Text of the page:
asked Her Majesty's Government:
Further to the Written Answer by Lord Sainsbury of Turville on 16 October (WA 174), what proportion of the £20,000 to £25,000 spent by the Medical Research Council on reviews of research into Gulf War illnesses was spent on, or in connection with, the one-day meeting held in London on 27 January 2003; and [HL110]
Further to the Written Answer by Lord Sainsbury of Turville on 16 October (WA 174), which individuals represented the Royal British Legion and the Gulf War Veterans and Families Association at the meeting on 27 January 2003 arranged by the Medical Research Council; and whether the organisers considered inviting Professor Malcolm Hooper and Dr Norman Jones to assist with the review of relevant research into Gulf War illnesses. [HL111]
The information requested falls within the responsibilities of the Medical Research Council. Professor Blakemore, the chief executive of the MRC, has written to me regarding this matter. An extract from his letter is given below.
“In 2003, the MRC, through our Military Health Research Advisory Group (MHRAG), conducted a comprehensive review of relevant research into Gulf Veterans’ illness. As Lord Sainsbury outlined in a written answer to the Countess of Mar on 30 October 2006, the review involved a one-day closed scientific meeting between the MHRAG and a number of scientists from the UK and overseas. This was followed on the next day by a separate private meeting of the MHRAG to apprise the MRC of scientific progress, of the potential for gaining further knowledge and of research needs, and of what the likely medical issues might be. As reported by Lord Sainsbury, in a written answer to a question from Lord Morris of Manchester, we estimated the cost of the review to be between £20,000 and £25,000. This estimate related to the closed scientific meeting, the MHRAG meeting the following day, and the publication of the report.
We of course publish the memberships of our Council and standing advisory Boards/Committees; and the membership of the MHRAG is recorded in the published review. However, it is not the MRC's practice to release into the public domain the names of individuals who either attended, or who may, or may not, have been considered as participants, in closed ad-hoc scientific meetings. If we felt there was a particular reason to make names public, we would make that clear in the letters of invitation. In the case of this scientific meeting, we did not do that. For what I hope are obvious reasons, we would never make public the names of individuals whom we had considered inviting to join a particular committee or meeting, but whom we subsequently decided not to invite. I am therefore not in a position to respond to the Countess of Mar's second question”.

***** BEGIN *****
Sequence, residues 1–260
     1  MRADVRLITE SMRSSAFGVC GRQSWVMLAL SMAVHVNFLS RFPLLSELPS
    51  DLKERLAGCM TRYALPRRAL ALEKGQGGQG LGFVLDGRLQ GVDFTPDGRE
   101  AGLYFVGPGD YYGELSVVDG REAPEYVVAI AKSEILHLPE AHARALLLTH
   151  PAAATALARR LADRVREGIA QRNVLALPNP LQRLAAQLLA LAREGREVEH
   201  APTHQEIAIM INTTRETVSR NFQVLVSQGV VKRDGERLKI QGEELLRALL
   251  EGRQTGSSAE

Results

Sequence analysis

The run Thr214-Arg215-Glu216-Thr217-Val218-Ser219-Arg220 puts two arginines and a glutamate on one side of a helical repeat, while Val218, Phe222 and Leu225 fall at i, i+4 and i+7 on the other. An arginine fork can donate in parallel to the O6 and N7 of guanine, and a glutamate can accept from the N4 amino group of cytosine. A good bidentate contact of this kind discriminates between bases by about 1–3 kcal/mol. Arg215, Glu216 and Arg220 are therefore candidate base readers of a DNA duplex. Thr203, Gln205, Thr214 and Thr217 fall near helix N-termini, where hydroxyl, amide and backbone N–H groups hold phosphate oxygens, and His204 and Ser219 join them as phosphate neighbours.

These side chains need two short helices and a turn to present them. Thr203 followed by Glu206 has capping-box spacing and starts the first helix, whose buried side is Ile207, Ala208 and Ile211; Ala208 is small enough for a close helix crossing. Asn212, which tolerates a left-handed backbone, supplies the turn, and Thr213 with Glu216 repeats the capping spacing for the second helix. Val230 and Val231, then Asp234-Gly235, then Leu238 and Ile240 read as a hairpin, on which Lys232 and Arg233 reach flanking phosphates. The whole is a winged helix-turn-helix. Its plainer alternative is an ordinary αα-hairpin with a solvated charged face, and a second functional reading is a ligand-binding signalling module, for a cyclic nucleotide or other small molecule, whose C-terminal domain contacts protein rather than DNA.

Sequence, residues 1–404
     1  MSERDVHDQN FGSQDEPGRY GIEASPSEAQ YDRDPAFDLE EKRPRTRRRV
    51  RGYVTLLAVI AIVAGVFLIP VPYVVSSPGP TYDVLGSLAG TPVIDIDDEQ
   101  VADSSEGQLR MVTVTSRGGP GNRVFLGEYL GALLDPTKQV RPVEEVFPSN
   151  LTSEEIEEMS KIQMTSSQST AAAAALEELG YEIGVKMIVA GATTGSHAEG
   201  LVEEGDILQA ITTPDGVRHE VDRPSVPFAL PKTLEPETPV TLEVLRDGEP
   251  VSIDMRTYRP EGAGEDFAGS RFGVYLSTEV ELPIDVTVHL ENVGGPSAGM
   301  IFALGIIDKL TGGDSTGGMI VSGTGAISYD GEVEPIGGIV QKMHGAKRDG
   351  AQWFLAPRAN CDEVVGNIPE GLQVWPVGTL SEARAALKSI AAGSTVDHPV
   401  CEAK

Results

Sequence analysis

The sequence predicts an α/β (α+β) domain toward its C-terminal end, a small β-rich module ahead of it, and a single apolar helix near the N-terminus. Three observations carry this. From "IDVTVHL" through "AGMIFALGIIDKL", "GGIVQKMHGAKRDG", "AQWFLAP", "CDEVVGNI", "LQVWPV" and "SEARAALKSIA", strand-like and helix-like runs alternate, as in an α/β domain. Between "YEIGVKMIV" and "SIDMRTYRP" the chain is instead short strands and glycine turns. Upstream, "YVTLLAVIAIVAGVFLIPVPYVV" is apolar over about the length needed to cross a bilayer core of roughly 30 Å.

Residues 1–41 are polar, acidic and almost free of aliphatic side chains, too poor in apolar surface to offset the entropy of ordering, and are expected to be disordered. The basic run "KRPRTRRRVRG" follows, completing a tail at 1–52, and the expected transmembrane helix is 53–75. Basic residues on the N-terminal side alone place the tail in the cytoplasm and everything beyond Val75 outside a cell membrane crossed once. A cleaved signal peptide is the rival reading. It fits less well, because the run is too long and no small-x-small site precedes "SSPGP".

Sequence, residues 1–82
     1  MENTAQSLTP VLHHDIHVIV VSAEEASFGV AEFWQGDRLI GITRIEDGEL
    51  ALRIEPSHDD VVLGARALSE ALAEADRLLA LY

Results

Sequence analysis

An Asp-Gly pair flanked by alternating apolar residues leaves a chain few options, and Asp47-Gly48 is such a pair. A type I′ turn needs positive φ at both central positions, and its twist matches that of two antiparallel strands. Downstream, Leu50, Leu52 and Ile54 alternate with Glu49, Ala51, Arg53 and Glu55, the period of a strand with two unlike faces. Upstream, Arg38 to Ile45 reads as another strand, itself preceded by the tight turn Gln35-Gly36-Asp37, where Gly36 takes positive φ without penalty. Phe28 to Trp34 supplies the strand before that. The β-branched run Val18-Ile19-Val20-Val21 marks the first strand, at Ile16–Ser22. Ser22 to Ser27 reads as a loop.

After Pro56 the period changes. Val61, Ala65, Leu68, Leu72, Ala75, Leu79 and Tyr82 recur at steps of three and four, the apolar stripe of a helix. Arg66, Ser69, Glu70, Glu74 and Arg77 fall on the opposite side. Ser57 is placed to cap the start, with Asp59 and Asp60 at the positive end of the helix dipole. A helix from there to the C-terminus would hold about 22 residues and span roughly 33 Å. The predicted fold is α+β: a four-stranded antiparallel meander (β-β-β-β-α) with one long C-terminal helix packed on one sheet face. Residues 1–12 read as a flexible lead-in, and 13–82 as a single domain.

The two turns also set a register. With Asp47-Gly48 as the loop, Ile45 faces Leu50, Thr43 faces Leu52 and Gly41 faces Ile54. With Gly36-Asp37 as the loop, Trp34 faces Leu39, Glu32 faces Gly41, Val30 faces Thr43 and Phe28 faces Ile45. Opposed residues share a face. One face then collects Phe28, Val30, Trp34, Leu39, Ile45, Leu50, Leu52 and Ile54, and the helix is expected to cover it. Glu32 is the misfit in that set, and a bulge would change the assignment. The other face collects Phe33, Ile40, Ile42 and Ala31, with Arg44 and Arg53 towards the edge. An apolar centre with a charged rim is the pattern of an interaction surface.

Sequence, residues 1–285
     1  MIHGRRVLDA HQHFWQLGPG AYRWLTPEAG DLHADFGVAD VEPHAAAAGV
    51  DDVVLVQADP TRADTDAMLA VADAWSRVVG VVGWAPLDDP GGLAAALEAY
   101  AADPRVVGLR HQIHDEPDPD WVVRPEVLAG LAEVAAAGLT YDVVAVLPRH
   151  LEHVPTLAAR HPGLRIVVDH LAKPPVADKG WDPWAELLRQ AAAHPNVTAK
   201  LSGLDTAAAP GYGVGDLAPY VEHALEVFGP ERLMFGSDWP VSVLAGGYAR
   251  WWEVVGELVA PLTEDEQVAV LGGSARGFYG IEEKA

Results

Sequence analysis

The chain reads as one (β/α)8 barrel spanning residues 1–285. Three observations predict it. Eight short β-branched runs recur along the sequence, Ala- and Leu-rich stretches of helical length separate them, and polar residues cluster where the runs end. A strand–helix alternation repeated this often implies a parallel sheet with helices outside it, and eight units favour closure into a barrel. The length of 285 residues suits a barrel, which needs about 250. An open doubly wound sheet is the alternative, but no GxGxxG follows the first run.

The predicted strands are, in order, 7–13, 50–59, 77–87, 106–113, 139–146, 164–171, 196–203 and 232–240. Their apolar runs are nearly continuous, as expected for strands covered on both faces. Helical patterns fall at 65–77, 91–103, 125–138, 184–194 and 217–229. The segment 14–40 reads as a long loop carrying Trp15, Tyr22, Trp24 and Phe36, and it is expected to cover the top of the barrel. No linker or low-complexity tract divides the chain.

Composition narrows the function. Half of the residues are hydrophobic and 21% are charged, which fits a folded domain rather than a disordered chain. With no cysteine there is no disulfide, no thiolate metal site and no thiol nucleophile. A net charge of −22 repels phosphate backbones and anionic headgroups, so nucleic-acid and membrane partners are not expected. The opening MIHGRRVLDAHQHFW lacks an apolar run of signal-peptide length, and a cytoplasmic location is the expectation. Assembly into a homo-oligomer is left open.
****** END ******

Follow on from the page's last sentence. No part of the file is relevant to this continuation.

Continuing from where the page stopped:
asked Her Majesty's Government:
When the Medical Research Council reached the recently reported view that further research into Gulf War illness may not be worthwhile; and on what date and in what form this view was explained to veterans from the 1991 Gulf War who are suffering medically unexplained illnesses and bereaved families of Gulf War veterans. [HL332]
The information requested falls within the responsibilities of the Medical Research Council. Professor Blakemore, the chief executive of MRC, has written to me regarding this matter. An extract from the letter is enclosed.
“As you are aware, the MRC, through our Military Health Research Advisory Group (MHRAG), last conducted a comprehensive review of relevant Gulf research in 2003. The MRC has not changed its view from that presented in the published report the ‘MRC review of research into UK Gulf veterans' illnesses', and never stated that ‘further research into Gulf War Illness may not be worthwhile’.
I believe that this question may have resulted from an error in the minutes of a meeting of the Royal British Legion's (RBL) Gulf War Group on 5 September 2006. At the meeting, I understand that Ministry of Defence (MoD) officials reminded the Group of the MHRAG's 2003 findings that;
‘Further studies to characterise symptoms and illnesses of UK GVs based on self-reported exposures are not necessary and epidemiological studies of existing data are unlikely to lead to greater understanding’; and that
‘Further research aimed at improving the long-term health of GVs with persistent symptoms should take priority’.
The discussion of this issue was mis-recorded in the RBL minutes as ‘ ... further research into the causes of Gulf War illnesses was probably not worthwhile’. I understand that the MoD has informed the RBL of the error.”